• Alice Anghel

Storm Eunice Aftermath in Hillingdon

STORM Eunice caused havoc in parts of Hillingdon, causing trees to fall down and block pathways and roads for cars and pedestrians.


A tree came down on Long Lane in Hillingdon on Wednesday February 23, blocking a three-lane junction.


Police were called to action, and were able to remove the tree from the road safely.

James Carson-Kerrigan, community campaigner and Managing Director of Hillingdon Vision, captured a snapshot of the scene. Shown below.

Fallen tree blocking three lane junction, captured by James Carson-Kerrigan from Hillingdon Vision


The video below, also captured by Hillingdon Vision, shows the road being temporarily blocked off by the police.

https://twitter.com/Hillingdon_Here/status/1496519095331790850?s=20&t=8ozzVbr-nQGvjoFxBEoIBQ


Violet Avenue had its own fallen tree on Tuesday February 22, blocking the pedestrian pathway, in the opposite direction of the parked cars.

Mansur Ahmed, Royal Lane, shared a photo of the location. Shown below.


A tree fell and blocked the pedestrian pathway. Captured by Mansur Ahmed on Tuesday


Following the record breaking 80 to 90 miles per hour winds in London on 18th February, Storm Eunice is now joined by Storm Franklin, being the third storm to hit the UK in the past week.

With flash floods, electrical power cuts, and flying wheelie bins across the country, the winds have slowed down within the borough of Hillingdon to an average speed of 25 miles per hour, according to UK Met Office.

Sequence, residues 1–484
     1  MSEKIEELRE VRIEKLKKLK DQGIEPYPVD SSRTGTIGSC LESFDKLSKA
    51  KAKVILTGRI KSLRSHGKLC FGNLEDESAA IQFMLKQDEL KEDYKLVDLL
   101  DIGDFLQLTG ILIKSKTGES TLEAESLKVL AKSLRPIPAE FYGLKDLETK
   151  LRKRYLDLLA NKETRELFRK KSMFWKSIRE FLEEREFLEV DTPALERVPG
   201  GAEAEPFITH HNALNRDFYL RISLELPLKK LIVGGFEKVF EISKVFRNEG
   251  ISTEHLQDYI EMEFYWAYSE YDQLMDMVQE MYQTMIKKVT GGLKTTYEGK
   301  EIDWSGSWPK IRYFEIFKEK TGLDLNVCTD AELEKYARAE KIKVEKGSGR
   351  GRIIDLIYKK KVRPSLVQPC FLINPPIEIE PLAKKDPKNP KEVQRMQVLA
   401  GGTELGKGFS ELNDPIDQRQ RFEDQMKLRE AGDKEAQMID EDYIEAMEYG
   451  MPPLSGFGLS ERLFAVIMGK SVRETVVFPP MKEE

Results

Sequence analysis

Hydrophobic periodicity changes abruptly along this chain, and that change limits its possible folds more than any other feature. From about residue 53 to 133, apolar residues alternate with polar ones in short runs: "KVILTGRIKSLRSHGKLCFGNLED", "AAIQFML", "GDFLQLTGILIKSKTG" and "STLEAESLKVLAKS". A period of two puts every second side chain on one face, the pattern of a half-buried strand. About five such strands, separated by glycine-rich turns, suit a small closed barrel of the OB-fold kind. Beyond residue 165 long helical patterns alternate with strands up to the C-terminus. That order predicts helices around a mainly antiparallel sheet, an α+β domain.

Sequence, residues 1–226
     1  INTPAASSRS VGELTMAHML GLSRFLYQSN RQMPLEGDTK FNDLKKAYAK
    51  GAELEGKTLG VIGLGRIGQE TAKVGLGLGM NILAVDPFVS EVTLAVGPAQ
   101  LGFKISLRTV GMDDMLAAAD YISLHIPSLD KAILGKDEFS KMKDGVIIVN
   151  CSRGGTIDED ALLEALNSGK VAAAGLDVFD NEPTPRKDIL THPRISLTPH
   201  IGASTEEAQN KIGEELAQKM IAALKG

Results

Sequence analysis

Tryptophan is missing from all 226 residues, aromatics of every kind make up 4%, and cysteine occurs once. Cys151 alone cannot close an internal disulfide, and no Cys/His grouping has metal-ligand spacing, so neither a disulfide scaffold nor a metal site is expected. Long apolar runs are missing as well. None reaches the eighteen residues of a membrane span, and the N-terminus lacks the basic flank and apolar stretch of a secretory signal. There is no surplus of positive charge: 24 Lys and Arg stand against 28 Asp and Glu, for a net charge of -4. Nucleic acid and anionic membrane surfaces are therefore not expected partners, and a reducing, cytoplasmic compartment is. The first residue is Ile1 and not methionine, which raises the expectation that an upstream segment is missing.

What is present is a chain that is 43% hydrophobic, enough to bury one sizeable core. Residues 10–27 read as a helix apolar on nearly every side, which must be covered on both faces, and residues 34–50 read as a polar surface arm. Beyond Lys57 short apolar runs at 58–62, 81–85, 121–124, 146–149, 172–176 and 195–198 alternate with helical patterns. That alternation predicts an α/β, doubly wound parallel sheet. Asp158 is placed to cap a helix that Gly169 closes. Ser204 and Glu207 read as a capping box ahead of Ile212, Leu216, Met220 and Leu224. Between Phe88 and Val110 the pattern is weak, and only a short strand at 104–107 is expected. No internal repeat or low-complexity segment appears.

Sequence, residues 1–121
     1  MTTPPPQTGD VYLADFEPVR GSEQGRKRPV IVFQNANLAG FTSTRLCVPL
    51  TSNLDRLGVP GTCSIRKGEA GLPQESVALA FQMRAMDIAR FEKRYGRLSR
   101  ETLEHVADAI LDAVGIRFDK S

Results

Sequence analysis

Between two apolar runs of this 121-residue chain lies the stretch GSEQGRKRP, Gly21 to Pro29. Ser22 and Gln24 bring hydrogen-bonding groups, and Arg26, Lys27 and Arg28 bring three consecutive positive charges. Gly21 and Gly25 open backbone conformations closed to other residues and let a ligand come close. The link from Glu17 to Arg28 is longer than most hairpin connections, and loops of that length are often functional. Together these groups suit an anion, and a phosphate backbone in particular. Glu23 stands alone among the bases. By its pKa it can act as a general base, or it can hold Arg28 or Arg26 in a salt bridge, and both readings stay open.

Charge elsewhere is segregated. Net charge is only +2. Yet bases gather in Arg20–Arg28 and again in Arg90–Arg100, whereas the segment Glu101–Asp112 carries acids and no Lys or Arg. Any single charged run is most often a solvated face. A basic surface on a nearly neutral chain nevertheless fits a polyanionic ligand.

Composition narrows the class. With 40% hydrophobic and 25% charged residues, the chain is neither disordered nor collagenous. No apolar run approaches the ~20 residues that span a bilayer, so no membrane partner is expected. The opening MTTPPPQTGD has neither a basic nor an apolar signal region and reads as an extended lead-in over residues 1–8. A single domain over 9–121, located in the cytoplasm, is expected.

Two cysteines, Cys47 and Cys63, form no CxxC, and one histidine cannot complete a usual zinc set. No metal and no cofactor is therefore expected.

The UK Met Office has put out a ‘Yellow Weather Warning’, signalling strong winds across Northeast England through Wednesday and Thursday.

https://twitter.com/metoffice/status/1496077674112073730?s=20&t=3lBlNqKTcZvDgVIRJFWx6Q


While the wind has slowed down significantly since Friday February 18, the UK Met Office has issued wind warnings and disruptions are expected to occur again in Hillingdon from 12:00am to 21:00 on Thursday February 24.

Storm Eunice, in force with Storm Franklin, are expected to bring gusts of 35 and 30 miles per hour, significantly less than the 122 miles per hour gusts from last week.


As per warnings last week, the following disruptions and dangers are expected:

  • Flying debris

  • Damage to buildings and homes

  • Roofs of buildings being blown off

  • Power lines falling

  • Roads and bridges could face partial closure

  • Closure and delays on travel - bus, train, ferries, and flights

The Hillingdon Council Press Office and the London Fire Brigade have been contacted for further comment.



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